MPA NEWS Vol. 10, No. 6 December 2008/January 2009
TABLE OF CONTENTS
Ocean Acidification: What It Could Mean for MPAs
The Honolulu Declaration on Ocean Acidification and Reef Management
Applying Conservation and Management Lessons from the Great Barrier Reef to the Baltic Sea Region: Interview with Åsa Andersson
U.S. Releases Final Framework for National MPA System
Notes & News:
MPA networks - California - Fisheries management - MPA economics - World Conservation Congress - Ecuador
OCEAN ACIDIFICATION: WHAT IT COULD MEAN FOR MPAs
When scientists and policy-makers gathered in Poland this month for the United Nations Climate Change Conference, significant attention was paid to the effects of increased greenhouse gases on the oceans. The threats of sea level rise and warming sea temperatures, including the latter's impact on coral reefs by causing bleaching, received a major focus.
A lesser-known impact of the rise in carbon dioxide levels will be "ocean acidification", a term coined just five years ago. Early evidence suggests acidification could have as great an impact on ocean ecosystems - and, by extension, MPAs - as the other threats. Disconcertingly, a recent study on the northwest coast of the U.S. showed ocean acidification may be occurring much faster than expected. This month, MPA News examines ocean acidification and its potential impacts, as well as how MPA practitioners can plan ahead.
What is ocean acidification?
Earth's oceans absorb carbon dioxide, or CO2 - the most common greenhouse gas, created by the burning of fossil fuels. Since the Industrial Revolution, which marked the start of the current rise in atmospheric greenhouse gas levels, the oceans have absorbed approximately half of the CO2 emitted by human activities. Without this long-term storage, the greenhouse gas concentration in the atmosphere would be much higher, and the planet much warmer. However, absorbing the CO2 causes changes in ocean chemistry, namely lowering the pH of seawater and decreasing the concentration of carbonate ions.
It works like this: When the CO2 is absorbed, it reacts with the water to form carbonic acid, which then releases hydrogen ions. These freed hydrogen ions reduce the water's pH - in other words, the water becomes more acidic. (For an explanation of pH, see the box "What is pH?" at the end of this article.) Normally seawater is slightly alkaline, with a pH of 8.06. As seawater moves toward the acid end of the pH scale, its pH measurement will decline. Under scenarios from the Intergovernmental Panel on Climate Change, ocean pH by the year 2100 could drop as low as 7.76. That would represent a 30% increase in acidity, as the pH scale is logarithmic.
Some of the hydrogen ions released by carbonic acid also bind to carbonate ions in the water, making them unavailable for use by species that need them. Less carbonate makes it more difficult for many marine organisms - including corals, calcareous phytoplankton, mussels, snails, and sea urchins - to form calcium carbonate, their major mineral building block. To make matters worse, when carbonate concentrations fall too low, calcium carbonate that has already formed starts to dissolve. As a result, marine organisms have a harder time either creating new, or maintaining old, skeletal material. (Some people have compared ocean acidification to osteoporosis, the disease of reduced bone density in humans.)
The effects of decreased calcification rates have been studied most with coral reefs. Coral skeletons are made of calcium carbonate, and ocean acidification poses a direct threat to the foundation of reef ecosystems. A new report published by the Global Coral Reef Monitoring Network, Status of Coral Reefs of the World: 2008, states most of Earth's coral reefs could disappear within 40 years due to acidification and other factors. (The report is at http://iucn.org/index.cfm?uNewsID=2408.) In August 2008, reef scientists gathered in Hawai'i to craft strategies to address the threat of acidification. The resulting Honolulu Declaration focused not only on the need to reduce CO2 emissions but on how to manage reef ecosystems in ways to aid their survival (see the article "The Honolulu Declaration..." in this issue).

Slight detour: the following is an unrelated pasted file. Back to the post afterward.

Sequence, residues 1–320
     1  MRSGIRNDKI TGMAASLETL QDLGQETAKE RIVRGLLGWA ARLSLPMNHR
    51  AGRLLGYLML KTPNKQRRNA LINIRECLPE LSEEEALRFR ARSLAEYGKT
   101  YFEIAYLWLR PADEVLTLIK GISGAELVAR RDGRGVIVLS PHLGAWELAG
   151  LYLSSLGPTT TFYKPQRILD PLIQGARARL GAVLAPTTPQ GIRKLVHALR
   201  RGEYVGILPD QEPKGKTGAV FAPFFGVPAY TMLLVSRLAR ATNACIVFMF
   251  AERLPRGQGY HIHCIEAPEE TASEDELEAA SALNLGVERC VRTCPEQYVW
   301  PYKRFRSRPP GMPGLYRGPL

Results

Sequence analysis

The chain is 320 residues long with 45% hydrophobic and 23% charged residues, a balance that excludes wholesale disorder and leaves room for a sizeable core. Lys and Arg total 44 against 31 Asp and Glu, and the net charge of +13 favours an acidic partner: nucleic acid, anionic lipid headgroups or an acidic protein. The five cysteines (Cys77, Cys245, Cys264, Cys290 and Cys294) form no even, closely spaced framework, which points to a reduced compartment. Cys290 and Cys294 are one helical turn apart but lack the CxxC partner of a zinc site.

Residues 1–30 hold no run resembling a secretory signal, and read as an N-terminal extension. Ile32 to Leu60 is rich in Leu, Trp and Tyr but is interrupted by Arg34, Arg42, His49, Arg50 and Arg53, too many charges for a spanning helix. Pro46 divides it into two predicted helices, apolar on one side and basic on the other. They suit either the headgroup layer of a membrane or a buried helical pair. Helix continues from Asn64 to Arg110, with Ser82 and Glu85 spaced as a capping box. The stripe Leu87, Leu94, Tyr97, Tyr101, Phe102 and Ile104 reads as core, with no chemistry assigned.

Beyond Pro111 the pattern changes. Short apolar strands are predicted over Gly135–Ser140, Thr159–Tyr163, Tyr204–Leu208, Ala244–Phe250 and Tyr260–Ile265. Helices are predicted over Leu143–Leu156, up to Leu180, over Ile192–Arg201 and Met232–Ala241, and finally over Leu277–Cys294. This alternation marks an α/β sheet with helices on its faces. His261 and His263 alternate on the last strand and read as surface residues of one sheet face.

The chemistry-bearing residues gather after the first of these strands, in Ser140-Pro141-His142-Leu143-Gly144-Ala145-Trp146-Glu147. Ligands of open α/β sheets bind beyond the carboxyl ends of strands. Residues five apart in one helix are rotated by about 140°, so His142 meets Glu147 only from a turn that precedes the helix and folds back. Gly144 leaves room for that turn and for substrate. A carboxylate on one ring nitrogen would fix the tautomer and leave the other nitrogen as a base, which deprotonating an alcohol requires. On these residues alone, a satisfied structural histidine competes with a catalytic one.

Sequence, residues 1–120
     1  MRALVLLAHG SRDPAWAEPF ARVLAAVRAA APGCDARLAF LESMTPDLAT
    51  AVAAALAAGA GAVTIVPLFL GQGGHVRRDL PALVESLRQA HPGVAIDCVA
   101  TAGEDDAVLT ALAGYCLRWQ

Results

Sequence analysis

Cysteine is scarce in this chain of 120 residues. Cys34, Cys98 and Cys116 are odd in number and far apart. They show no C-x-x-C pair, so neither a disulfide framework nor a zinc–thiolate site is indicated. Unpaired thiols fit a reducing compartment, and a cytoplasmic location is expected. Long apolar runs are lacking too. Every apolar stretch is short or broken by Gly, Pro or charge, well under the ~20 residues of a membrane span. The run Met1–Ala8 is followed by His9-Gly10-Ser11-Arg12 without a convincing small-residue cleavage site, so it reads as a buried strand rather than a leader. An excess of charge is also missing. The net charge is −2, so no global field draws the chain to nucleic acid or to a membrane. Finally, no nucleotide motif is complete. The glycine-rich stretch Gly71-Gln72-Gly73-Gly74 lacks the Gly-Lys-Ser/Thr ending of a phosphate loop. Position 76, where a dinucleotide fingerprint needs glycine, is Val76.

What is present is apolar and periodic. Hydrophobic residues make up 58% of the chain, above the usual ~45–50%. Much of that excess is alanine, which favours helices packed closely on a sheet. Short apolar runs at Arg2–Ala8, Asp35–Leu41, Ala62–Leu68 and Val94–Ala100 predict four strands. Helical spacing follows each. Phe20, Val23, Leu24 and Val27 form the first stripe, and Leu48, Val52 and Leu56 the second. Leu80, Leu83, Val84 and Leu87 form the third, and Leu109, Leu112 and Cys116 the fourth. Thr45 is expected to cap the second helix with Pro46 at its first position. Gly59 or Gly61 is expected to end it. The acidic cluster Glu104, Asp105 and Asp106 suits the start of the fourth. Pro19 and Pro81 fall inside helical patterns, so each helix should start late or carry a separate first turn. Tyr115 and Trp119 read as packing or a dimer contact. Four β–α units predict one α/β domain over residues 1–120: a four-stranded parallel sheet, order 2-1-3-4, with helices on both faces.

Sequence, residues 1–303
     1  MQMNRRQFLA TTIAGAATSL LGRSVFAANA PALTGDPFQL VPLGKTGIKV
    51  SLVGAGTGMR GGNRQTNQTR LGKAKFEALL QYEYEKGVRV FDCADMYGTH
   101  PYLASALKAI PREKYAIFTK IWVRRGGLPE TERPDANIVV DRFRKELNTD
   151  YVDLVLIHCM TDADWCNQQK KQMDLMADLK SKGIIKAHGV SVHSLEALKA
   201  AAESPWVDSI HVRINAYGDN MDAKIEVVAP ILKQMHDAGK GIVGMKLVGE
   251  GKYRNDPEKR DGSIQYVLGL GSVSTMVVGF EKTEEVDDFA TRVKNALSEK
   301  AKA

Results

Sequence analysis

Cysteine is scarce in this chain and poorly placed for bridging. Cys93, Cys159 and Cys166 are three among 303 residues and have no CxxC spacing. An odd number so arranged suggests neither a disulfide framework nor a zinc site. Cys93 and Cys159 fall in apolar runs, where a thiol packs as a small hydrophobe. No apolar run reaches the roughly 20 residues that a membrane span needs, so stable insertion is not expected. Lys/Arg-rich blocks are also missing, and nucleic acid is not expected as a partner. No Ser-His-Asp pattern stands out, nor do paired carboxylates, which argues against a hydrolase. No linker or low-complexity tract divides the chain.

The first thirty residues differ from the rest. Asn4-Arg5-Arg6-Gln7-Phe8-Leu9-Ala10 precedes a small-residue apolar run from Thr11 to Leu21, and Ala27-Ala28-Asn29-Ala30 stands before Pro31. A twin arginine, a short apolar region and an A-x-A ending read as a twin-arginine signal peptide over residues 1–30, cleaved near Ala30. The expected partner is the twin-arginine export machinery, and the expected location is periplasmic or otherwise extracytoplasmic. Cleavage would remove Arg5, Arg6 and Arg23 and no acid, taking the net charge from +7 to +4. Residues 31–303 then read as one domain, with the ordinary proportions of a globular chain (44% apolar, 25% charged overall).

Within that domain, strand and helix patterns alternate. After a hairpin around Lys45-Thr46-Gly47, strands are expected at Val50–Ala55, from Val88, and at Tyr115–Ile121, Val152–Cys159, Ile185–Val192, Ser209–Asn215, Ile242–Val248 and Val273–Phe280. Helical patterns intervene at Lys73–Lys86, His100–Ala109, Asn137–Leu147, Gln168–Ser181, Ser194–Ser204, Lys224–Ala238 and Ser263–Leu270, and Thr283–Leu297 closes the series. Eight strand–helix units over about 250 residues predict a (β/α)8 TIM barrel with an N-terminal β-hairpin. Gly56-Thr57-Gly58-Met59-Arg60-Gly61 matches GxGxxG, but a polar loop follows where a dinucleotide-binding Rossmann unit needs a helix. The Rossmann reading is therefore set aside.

As for impacts on non-reef organisms, many economically important species will be affected by acidification. Mollusks, including clams, mussels, and other shellfish, will have difficulty building their shells. Tim Wootton, a biologist at the University of Chicago, found in his long-term study of a mollusk community in the northwest U.S. that his water samples over eight years had acidified at a rate 20 times faster than what he had expected. According to his computer models, increased pH at his study site will likely lead to substantial declines in the number of mussels and large barnacle species, and increases in the populations of what those species eat, like algae and smaller barnacles. (Wootton's paper, "Dynamic patterns and ecological impacts of declining ocean pH in a high-resolution multi-year dataset", appeared in the 24 November 2008 edition of the journal Proceedings of the National Academy of Sciences.)
Wootton says other studies on the U.S. west coast offer similar acidification results. "There is reason to suspect that the strong decline in pH is not limited to our research site," he says. "More generally, it seems likely that the trends we are seeing are at least a feature of the larger northeastern Pacific."
Flexible MPA boundaries may be needed
Judy Kildow, a social scientist and policy analyst at the Monterey Bay Aquarium Research Institute in the U.S., says the compromising of shelled creatures as projected by Wootton could affect a wide array of marine life. "Marine mammals that feed on these shelled creatures will have to compete with other predators for other remaining food, and may not fare well," she says. "As some creatures disappear, others will fill the niches. What is clear is that the ecosystem will look different in 20-50 years, with many familiar commercial species gone and the likelihood that far less desirable creatures will replace them. So it is not just coral reefs and mollusks that will be affected but a much larger range of marine creatures, from phytoplankton to marine mammals. Everything in the oceans will be affected in some way."